First of all, if you want an intern, I strongly suggest paying for one. The laws are pretty strict in requiring pay for interns at for-profit companies. You can legally do it, but it will be easier and better for all concerned if you do pay--at least minimum wage.
But, that said, I wish the Department of Labor would loosen their rules to allow for more unpaid internships. And it's not just that I want young people to suffer the way we suffered back in my day. (I did an internship for a state legislature and received a $300 stipend for the 45-day session, but the senator I worked for gave me a $100 bonus out of his own pocket.)
No, I'm no fan of suffering for suffering sake, but I am a fan of learning. This is why I like unpaid internships.
More available internships mean more possibilities
Yes, the best students will likely get the paid internships, but even mediocre students will benefit from any sort of internship. There are plenty of small companies that don't have the funds to pay an intern but would provide a great learning experience for a college student.
Regardless of what your professors say, you're at school to get a job.
I once got into an argument with a professor friend. She insisted her job was to expand young minds. I insisted it was to prepare people for the workforce. She's right, historically. Back in the day when only the upper classes received advanced formal education, no one was concerned about a job because the family business and connections would provide.
Today, we don't go to college (or send our children to college) at great expense in order to simply expand our minds. We do so so that we can get jobs and be productive members of society.
An internship can prepare you in ways your humanities course never could.
We allow you to take out a loan to learn philosophy or dance, but not to learn how to function in an office.
I got a message from a reader asking for help in landing her first job out of college. She had a double major in German and Italian and had had zero internships. Not one of you will be surprised that finding a professional job was proving difficult.
Should she have chased down an internship? Absolutely. Should the school have encouraged or even required it? Yes. People complain that unpaid internships mean only the rich can take internships. Maybe. But with that logic, only the rich can go to school. We know that's not true. Why is it okay to take out $100k in loans for a degree and not to take one semester to do an unpaid internship?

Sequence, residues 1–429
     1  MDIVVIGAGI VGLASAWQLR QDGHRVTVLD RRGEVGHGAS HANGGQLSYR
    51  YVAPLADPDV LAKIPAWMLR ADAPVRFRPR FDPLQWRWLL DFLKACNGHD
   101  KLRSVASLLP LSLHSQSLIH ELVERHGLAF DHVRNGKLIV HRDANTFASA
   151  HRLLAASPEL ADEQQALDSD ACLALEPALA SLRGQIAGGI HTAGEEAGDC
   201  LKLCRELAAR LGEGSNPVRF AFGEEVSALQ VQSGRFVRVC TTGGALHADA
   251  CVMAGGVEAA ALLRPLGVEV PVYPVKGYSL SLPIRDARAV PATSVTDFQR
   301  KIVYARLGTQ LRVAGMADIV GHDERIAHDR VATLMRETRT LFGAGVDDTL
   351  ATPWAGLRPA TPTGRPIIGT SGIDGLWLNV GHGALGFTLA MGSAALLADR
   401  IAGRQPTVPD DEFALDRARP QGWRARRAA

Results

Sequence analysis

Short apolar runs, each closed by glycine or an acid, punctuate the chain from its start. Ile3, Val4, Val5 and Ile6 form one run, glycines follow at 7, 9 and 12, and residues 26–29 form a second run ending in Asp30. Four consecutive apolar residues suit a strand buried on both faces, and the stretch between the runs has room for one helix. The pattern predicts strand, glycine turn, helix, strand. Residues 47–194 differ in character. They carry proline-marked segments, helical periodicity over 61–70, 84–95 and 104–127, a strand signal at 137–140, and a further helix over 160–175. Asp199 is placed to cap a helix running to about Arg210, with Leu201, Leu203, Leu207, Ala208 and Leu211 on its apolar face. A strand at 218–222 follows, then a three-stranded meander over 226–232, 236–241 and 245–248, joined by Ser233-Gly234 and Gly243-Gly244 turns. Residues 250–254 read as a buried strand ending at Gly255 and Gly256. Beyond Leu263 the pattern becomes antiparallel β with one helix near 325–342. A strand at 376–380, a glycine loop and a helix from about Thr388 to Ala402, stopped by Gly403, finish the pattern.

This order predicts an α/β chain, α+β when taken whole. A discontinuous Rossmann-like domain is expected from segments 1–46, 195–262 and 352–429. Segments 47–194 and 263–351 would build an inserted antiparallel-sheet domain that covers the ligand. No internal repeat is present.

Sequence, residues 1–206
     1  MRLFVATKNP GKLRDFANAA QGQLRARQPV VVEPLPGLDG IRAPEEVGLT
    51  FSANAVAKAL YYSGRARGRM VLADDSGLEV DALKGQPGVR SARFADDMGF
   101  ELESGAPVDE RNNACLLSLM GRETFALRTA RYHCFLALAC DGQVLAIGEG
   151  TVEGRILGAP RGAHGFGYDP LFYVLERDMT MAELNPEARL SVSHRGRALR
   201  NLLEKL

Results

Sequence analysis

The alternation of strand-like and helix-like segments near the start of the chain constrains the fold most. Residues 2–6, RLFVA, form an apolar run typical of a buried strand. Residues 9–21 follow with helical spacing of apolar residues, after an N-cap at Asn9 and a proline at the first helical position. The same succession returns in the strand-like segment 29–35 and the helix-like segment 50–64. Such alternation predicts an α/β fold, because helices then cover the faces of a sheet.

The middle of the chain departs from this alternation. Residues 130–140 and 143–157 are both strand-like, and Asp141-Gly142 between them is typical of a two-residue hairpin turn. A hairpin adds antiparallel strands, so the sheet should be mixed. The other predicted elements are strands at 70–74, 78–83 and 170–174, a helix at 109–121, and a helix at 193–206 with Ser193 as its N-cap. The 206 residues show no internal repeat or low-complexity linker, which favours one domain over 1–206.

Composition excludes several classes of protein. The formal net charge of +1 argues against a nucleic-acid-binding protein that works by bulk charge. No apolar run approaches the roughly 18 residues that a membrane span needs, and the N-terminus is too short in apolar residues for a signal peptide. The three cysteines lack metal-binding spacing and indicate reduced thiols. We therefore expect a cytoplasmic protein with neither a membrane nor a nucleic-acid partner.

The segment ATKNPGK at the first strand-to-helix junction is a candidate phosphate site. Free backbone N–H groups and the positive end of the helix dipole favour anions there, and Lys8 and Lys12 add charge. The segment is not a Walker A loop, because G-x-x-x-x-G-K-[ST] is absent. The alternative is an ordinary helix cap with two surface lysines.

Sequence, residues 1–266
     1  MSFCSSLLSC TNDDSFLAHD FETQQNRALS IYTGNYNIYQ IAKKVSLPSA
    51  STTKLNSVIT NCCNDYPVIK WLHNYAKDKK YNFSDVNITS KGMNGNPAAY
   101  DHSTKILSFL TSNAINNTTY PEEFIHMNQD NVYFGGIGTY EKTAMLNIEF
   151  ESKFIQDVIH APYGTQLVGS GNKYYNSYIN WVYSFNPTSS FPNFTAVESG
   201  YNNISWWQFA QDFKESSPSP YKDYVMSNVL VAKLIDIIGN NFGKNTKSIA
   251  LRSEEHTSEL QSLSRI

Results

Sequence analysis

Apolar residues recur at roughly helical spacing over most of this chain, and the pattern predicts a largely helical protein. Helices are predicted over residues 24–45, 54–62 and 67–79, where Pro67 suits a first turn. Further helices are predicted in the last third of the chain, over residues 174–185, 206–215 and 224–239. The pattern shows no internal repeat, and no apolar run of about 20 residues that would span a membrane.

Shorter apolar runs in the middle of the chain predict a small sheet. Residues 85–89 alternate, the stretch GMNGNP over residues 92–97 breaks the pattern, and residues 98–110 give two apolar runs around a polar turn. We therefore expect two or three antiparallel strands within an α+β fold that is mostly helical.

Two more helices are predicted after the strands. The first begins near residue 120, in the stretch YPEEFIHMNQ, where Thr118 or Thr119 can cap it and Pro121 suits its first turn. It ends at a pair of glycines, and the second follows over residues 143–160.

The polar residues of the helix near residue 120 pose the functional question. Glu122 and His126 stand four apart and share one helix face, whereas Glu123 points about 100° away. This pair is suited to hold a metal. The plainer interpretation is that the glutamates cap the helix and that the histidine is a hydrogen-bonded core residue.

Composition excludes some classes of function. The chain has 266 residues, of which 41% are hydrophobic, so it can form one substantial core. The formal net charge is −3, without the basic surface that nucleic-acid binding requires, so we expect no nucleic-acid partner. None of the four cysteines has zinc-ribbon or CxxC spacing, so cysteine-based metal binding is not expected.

Will people take advantage of the students?
Sure. Some will. But most won't. Interns don't come to work capable of working independently (almost always!), so it requires close supervision. For companies that need to fill their pipeline, interns fill a real need. For other companies, it's literally an act of service.
Arran Stewart, Co-Owner of blockchain powered recruitment platform, Job.com says this about unpaid internships:
Unpaid internships offer as much good as they do bad. They are a fantastic way for young inexperienced workers to gain a foot in the door working with various businesses to improve their knowledge and experience. However, they are also a great opportunity for businesses to take advantage of free labor, sometimes with no intention of a job at the end of it. Sadly, we have seen companies simply invent unpaid internships, purely for the benefit of having the use of young educated workers, at no cost. Internships should be given some level of kitemark trust if they wish to be taken as official and offer the worker some form of a true long-term opportunity.
While a job at the end of an internship sounds great, I don't think it's required. We want students to get experience, companies that can offer internships may not be able to offer jobs at the end. That's okay, as long as everyone is clear upfront. Regardless, the student comes out better for having the experience.